Singing for their supper: Why we need to help endangered belugas in the St. Lawrence
Did you know that there is a population of beluga whales living in the St. Lawrence estuary? These belugas are geographically isolated from other beluga populations, and the St. Lawrence belugas are now considered endangered. It is estimated that there are approximately 900 whales remaining, less than 20 per cent of what their numbers were in the early 1900s. These unique whales are of great concern to WWF, and are the subject of our work on freshwater, oceans and the Arctic.
WWF-Canada’s freshwater team is investigating the health of, and threats to, freshwater ecosystems across Canada. We’re finding out more about the state of our freshwater habitats, and why aquatic species in Canada are experiencing troubling declines. So why are we concerned about belugas from a freshwater perspective?
We often talk about the importance of healthy waters for turtles, fish, and other species restricted to lakes, rivers, and streams, but the St. Lawrence Estuary belugas, like all species, depend on healthy freshwater, as this population is intimately linked with one of Canada’s major freshwater systems. These belugas live in the region of the St. Lawrence where freshwater from the Great Lakes empties out into the Atlantic Ocean. As the ice over the Saint Lawrence Estuary and Gulf breaks up in late March, belugas start to concentrate at the mouth of the Saguenay River, Quebec, living in a gradient where salt and freshwater meet. Here, the belugas take advantage of the relatively warmer, shallow water of the river estuary to give birth and raise their young, and shed the outer layer of their skin by rubbing against the gravelly substrate of the river. Belugas in this region have even been found to travel as far as 100km into the Saguenay River to the community of Saint-Fulgence, demonstrating the importance of freshwater habitats to this population.
For many years we have known that belugas living in this region are affected by toxic chemical pollution in the water and in their prey species, pollution that comes from human industrial activities especially around the Great Lakes and St. Lawrence River watersheds. These anthropogenic (human caused) toxins accumulate in fatty tissues of many aquatic species, and then bioaccumulate right up the foodchain. By the time they get into the food of the St. Lawrence belugas, concentrations of toxins like PCBs, dioxins and PBDEs are extremely high. In fact, toxins in belugas reach such high levels that some beluga carcasses have had to be classified as ‘toxic waste’, and disposed of accordingly by the local authorities. Reducing the levels of contaminants in the habitat, food sources and belugas themselves, is one of the top objectives in the recovery strategy for the endangered St. Lawrence population.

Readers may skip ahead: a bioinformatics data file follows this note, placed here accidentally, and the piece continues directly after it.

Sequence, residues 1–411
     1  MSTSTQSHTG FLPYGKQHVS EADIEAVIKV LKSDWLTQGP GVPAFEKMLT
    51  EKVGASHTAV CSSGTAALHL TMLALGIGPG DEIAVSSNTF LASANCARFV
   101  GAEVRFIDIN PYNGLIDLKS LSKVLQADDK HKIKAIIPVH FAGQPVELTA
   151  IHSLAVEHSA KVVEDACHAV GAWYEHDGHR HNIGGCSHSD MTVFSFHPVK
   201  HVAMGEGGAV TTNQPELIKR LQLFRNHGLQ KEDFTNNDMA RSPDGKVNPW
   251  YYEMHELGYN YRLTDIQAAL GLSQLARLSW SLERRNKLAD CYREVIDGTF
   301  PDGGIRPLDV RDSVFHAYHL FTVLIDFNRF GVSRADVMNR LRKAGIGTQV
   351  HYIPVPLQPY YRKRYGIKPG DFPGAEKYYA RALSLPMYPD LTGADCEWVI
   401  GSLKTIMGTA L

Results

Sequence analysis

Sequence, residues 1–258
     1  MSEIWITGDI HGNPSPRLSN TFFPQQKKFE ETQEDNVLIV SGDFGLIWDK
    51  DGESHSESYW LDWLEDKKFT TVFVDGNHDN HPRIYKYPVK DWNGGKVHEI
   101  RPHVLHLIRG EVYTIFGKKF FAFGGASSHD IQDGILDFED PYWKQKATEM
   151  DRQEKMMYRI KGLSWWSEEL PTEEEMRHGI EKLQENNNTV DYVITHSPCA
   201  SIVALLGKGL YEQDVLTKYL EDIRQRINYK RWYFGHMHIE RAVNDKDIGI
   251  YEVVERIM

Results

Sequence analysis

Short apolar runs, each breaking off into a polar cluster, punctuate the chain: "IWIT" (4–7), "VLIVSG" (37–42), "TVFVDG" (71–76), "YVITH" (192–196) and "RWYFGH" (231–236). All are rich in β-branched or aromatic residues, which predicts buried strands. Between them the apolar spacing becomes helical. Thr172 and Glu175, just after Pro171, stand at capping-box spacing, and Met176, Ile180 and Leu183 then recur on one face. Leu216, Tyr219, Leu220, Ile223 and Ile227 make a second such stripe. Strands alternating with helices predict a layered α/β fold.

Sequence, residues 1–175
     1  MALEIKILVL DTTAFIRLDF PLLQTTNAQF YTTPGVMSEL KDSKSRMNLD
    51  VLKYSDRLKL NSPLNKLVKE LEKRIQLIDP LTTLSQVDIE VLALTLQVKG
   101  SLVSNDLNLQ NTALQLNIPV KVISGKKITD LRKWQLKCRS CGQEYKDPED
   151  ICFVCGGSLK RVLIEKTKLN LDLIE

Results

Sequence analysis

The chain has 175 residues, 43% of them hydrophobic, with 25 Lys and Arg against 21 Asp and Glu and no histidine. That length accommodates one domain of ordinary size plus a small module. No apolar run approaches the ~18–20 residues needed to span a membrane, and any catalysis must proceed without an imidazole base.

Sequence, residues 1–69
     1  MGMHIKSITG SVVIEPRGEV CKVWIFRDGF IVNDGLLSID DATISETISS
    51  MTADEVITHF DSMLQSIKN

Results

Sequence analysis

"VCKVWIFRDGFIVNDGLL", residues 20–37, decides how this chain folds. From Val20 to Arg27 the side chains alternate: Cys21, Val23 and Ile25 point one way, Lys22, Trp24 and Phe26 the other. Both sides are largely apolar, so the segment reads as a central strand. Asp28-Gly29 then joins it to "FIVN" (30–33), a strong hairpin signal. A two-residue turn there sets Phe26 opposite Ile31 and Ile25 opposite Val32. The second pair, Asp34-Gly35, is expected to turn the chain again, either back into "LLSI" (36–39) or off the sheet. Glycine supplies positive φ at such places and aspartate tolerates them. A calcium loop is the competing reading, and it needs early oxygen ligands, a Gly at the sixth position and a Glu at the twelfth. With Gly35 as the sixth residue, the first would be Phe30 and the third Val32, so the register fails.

We are currently working on the freshwater health and threats assessment for the entire Great Lakes-St. Lawrence watershed, and will release the results of our work in late June. These analyses will give us even more insight into what is affecting the health of our St. Lawrence Belugas, so that we can strategically work to improve the health of our waters and the species living within them
There are many other species around the world living in river habitats that are experiencing similar threats to the St. Lawrence Estuary beluga population. To learn more about freshwater cetaceans (i.e. dolphins, porpoises, whales) from around the world, click here.
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